Thousands of women throughout the country have filed personal injury lawsuits against the makers of vaginal mesh implants, charging that the devices left them with serious complications, including internal bleeding, infection and scarring. The products are used to repair pelvic organ prolapse or stress urinary incontinence in women.
Lawsuits were filed against several manufacturers of the vaginal mesh products, claiming that the companies knew the risks associated with the implants but failed to warn consumers. The first these lawsuits to go to trial was decided July 20.
in that case, the jury found for the plaintiffs, a woman and her husband, deciding that the manufacturer, C.R. Bard Inc., is liable to pay the couple $3.6 million in damages. The woman suffered injuries after having Bard’s vaginal mesh device implanted in 2008.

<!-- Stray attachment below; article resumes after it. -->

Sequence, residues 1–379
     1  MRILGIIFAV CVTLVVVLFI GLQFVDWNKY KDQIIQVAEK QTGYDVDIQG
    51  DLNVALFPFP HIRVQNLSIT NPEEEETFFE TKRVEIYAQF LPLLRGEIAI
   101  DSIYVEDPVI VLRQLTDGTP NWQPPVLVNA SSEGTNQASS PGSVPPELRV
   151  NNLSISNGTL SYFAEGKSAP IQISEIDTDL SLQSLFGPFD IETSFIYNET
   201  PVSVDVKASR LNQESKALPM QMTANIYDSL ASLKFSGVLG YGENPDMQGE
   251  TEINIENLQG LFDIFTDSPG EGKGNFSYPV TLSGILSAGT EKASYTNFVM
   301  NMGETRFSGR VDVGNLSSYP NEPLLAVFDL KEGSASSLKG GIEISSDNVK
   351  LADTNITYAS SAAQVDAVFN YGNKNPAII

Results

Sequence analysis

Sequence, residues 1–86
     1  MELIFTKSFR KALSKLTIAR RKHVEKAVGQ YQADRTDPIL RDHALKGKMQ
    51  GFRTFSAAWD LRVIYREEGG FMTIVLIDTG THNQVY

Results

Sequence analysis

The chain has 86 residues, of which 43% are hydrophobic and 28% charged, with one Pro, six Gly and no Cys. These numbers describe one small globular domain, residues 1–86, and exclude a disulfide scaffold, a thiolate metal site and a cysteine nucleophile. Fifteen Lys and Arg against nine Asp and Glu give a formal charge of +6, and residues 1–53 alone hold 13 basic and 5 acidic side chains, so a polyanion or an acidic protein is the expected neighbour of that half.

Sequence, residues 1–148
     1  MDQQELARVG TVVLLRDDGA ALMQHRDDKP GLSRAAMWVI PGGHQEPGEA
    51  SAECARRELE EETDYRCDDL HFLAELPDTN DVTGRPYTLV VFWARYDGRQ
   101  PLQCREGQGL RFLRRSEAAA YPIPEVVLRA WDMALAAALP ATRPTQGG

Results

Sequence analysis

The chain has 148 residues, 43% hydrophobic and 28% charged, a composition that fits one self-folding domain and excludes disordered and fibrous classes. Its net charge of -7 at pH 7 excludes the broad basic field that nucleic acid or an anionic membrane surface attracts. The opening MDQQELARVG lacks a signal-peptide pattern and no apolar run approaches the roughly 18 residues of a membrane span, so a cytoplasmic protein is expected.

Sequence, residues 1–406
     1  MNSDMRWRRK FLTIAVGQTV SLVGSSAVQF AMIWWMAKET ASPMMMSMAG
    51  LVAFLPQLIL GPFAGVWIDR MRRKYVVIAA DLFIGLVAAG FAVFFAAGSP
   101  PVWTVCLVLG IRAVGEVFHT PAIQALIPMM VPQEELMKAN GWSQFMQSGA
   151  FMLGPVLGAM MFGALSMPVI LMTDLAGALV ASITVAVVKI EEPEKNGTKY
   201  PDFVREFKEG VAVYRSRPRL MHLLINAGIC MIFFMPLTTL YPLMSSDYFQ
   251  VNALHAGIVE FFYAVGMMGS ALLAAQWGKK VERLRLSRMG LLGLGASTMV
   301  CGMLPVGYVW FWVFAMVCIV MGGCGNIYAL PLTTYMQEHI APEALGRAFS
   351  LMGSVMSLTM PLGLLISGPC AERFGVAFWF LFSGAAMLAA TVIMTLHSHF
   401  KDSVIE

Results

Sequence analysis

The jury decided that Bard was 60 percent at fault for the woman’s injuries and liable for $3.6 million in damages. The jury held that the surgeon who implanted the device was 40 percent at fault, but because he wasn’t named as a defendant in the lawsuit he is not liable for damages.
One of the lawyers who represented the woman and her husband said that it appeared the jury focused heavily on evidence demonstrating that the manufacturer did not properly test the product before putting it on the market. A spokesman for Bard said the company is disappointed with the jury’s decision and plans to appeal.
After receiving more than 3,000 complaints, the Food and Drug Administration issued a warning on the vaginal mesh products, saying that other treatment methods posed less of a risk. The FDA also ordered 31 manufacturers to conduct extensive research into potential complications.
Just over a month ago, one of the biggest suppliers of the products, Johnson & Johnson, announced it would stop selling four lines of its vaginal mesh devices.
Source: Bloomberg, “Bard, Doctor Ordered to Pay $5.5 Million Over Implant,” Jef Feeley, July 25, 2012